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by Andrew Gallix


For more Buzzwords from the beginning of the month of May, click here.

Young Brit novelist, Jake Arnott, author of He Kills Coppers, has written an article on literary Tangiers for The Observer: “…When Morocco was carved up by the colonial powers of France and Spain in the early Twenties, Tangier was given special status as an international zone, which lasted until 1956. Loose tax laws and a free port attracted a community of dodgy business operators, and an atmosphere of moral permissiveness drew a demi-monde of writers, artists and general bon viveurs to the 'Interzone', as William S. Burroughs dubbed it. Around the poolside of the elegant Hotel El Minzah, which lists Cecil Beaton, Truman Capote and Ian Fleming among its former guests, the mobile phones of sun-reddened British rag-trade businessmen trill with negotiations of cost-cutting involving local sweated labour. …The discreet charm of Tangier is that there are very few 'sights'. To enjoy the city you must become passive flâneur rather than tourist. Even the Sultan's Palace in the casbah seems to be closed for the duration. Nearby is the Café Detroit, an ugly block built into the archway of Rue Riad Sultan. Formerly known as the 1001 Nights, it was the haunt of Beat artist and writer Brion Gysin, who was Burroughs's close collaborator, and where Rolling Stone Brian Jones came to record the Master Musicians of Jajouka, exponents of an ancient trance music. It's hardly surprising that any number of modernist writers and artists were drawn to the old city. The Medina and the casbah have a striking sense of fractured space, time and culture. American novelist Paul Bowles, who made the city his home in the Thirties, described the dreamlike 'covered streets like corridors with doors opening into rooms on either side, hidden terraces high above the sea, streets consisting only of steps, dark impasses, small squares built on sloping terrain so they looked like ballet sets designed in false perspective... as well as the classical dream equipment of tunnels, ramparts, ruins, dungeons and cliffs'. Winding down a labyrinth of calm derangement you find yourself at the Café Central on Petit Socco, a favourite hangout of Burroughs, where he'd sit for hours nursing a mint tea. Since Moroccan independence in 1956, the sale of alcohol has been banned in the Medina so if you want something more than a weak coffee or mint tea, head into the Ville Nouveau, the newer part of town built by European colonisers. Dean's Bar is closest to the old city. Once a bohemian drinking hole, a kind of African answer to Soho's Colony Room, its founder, Dean, was more a figure of myth than established fact. …Dean's has avoided becoming a tourist trap and has been reclaimed. It has become a local. Moroccan men sit guzzling Stork beer and tapas but old memories hover. I talk to Mo, a regular, who says he worked here in the early Sixties. He points to the spot where the piano used to be, where Francis Bacon's lover and former Spitfire pilot Peter Lacy played all hours to pay off his gambling debts. …Up past the El Minzah to the Place de France, into the Boulevard Pasteur and you're in the Ville Nouveau proper. A bit like Oxford Street, though there are so many young men hawking contraband cigarettes that you are equally reminded of the Holloway Road. At the other end, in Rue Magellan, is the Hotel El Muniria, where Burroughs wrote The Naked Lunch, and next to it the Tanger Inn. Lining its walls Allen Ginsberg’s photographs record the time when he and Jack Kerouac came over to assist in trying to knock some sense into that most unruly of manuscripts. It is now a haven for likely looking lads, Spanish queens, backpackers and the occasional old school English homo for whom abroad is still a refuge. Rue Magellan zigzags down to the broad esplanade of Avenue d'Espagne and the Town Beach beyond. Lining the seafront are wonderfully tacky beach bars that sprang up post independence. This was Joe Orton and lover Kenneth Halliwell's stamping ground in the Sixties. Orton's diaries are full of braggadocio about his sexual adventures, but Croft-Cooke rather sniffily saw him as something of an arriviste: 'So much the local boy made good, so surprised at his own success, so much the peeling-nosed Londoner at the seaside as he paddled and bathed at the town beach...'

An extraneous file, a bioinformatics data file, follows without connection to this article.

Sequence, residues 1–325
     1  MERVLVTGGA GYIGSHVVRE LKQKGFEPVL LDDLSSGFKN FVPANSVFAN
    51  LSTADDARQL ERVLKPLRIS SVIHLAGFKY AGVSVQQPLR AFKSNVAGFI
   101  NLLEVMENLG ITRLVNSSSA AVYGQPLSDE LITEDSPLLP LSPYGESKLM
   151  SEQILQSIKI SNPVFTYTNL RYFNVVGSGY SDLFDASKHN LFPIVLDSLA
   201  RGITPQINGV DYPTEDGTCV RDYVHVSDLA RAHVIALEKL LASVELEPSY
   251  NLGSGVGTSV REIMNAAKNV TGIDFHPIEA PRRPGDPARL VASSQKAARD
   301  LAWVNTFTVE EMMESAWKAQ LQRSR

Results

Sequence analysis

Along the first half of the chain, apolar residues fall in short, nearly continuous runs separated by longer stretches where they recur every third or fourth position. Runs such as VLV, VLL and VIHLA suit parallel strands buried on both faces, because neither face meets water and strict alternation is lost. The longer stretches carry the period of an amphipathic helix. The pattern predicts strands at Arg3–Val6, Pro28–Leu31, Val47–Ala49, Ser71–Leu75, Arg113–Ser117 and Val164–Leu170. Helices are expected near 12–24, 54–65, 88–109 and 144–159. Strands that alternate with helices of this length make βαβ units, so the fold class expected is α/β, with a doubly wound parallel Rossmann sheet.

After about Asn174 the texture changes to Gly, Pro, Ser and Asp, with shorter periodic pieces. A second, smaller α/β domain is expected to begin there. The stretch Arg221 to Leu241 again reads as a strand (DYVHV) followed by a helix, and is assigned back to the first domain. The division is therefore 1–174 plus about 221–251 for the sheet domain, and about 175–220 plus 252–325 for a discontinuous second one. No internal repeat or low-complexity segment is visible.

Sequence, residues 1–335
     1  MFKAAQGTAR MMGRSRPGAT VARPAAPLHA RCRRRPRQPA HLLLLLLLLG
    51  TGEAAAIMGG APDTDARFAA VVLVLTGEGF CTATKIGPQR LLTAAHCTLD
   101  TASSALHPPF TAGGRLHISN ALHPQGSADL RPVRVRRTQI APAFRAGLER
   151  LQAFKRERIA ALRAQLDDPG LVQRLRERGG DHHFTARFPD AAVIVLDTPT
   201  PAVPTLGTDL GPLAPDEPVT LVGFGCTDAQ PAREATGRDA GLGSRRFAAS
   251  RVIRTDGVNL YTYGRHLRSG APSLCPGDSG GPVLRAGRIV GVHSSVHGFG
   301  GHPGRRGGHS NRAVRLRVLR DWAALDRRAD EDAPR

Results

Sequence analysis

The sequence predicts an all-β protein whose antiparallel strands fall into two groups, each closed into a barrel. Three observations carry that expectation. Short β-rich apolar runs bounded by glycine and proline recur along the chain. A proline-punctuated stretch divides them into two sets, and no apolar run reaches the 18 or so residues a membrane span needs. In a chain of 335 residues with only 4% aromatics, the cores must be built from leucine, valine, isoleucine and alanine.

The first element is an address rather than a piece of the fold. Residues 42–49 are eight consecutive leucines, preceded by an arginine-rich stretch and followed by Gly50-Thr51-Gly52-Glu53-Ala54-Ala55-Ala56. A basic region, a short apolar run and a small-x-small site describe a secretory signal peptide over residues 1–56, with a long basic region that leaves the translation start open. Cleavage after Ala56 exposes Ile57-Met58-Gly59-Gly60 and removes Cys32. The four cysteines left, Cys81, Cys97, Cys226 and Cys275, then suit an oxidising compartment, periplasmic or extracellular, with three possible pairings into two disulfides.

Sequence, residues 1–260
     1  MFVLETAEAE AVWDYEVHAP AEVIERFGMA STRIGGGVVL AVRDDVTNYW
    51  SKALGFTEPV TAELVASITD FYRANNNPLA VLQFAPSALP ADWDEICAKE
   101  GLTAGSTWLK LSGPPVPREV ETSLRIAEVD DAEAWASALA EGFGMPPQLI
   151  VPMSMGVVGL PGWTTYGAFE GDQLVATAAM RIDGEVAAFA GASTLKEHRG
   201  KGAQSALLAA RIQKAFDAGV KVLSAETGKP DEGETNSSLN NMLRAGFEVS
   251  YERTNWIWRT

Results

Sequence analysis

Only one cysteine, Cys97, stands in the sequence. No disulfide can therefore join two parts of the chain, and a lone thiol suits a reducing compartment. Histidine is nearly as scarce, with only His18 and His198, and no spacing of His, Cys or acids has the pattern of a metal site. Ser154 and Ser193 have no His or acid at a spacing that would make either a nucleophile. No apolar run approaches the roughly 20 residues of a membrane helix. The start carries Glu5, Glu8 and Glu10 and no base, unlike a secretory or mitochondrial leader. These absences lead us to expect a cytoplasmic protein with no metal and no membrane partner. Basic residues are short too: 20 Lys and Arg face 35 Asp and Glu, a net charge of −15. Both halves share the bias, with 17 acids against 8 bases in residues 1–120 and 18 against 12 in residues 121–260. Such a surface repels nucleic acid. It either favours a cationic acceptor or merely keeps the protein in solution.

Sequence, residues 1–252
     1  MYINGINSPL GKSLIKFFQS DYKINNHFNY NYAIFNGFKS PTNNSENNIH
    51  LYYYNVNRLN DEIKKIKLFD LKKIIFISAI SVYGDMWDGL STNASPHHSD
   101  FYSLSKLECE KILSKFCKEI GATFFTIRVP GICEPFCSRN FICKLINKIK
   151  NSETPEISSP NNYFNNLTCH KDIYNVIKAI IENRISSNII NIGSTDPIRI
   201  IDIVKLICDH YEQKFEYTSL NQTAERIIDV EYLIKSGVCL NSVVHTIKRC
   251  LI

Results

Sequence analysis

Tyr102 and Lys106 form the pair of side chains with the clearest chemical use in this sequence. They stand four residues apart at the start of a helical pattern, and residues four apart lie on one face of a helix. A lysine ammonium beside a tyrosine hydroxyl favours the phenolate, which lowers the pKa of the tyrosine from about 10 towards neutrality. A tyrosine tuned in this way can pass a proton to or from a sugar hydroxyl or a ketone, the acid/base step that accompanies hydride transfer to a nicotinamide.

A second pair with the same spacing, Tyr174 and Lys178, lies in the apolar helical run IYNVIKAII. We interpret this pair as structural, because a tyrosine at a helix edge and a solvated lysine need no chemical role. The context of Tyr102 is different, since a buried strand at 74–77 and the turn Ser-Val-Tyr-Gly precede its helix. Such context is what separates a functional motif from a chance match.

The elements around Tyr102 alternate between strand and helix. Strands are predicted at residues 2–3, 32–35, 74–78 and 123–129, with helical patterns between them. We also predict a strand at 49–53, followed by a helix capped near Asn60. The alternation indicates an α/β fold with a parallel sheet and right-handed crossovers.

GALLIC BOBOS 05/26/2001

Nicolas Fargues is young (b. 1972), good-looking and has already authored two children and two novels. His latest novel, Demain si vous le voulez bien (P.O.L.) is out now. The excellent French site has interviewed him. Fargues states that he prefers aphorisms to novels and reads very little contemporary literature although he confesses his debt to Bret Easton Ellis and Tom Wolfe. His first novel was written in four months in 1999. Demain si vous le voulez bien is a description of Parisian bobo life: you can read an extract from his latest novel (in French).

NEWS 05/26/2001

Jim Ruland has been published in McSweeneys again! The Whiteness of White Caps, which had already appeared in Linnaean Street, is being serialized in The American Journal of Print. 3am Magazine published Jim’s The Stripper in Her natural Habitat back in March. The latest issue of The Barcelona Review contains an excerpt from James Ellroy’s The Cold Six Thousand. The new Exquisite Corpse is online. As usual, the quality is outstanding. Don’t miss the new “Zounds” column and William Levy (“The Talmudic Wizard of Amsterdam”)’s poem entitled Dear George W. Bush. Utahna Faith’s two poems are also well worth a look-see. Please check out the new offering from Disquieting Muses which contains some striking poetry and artwork.


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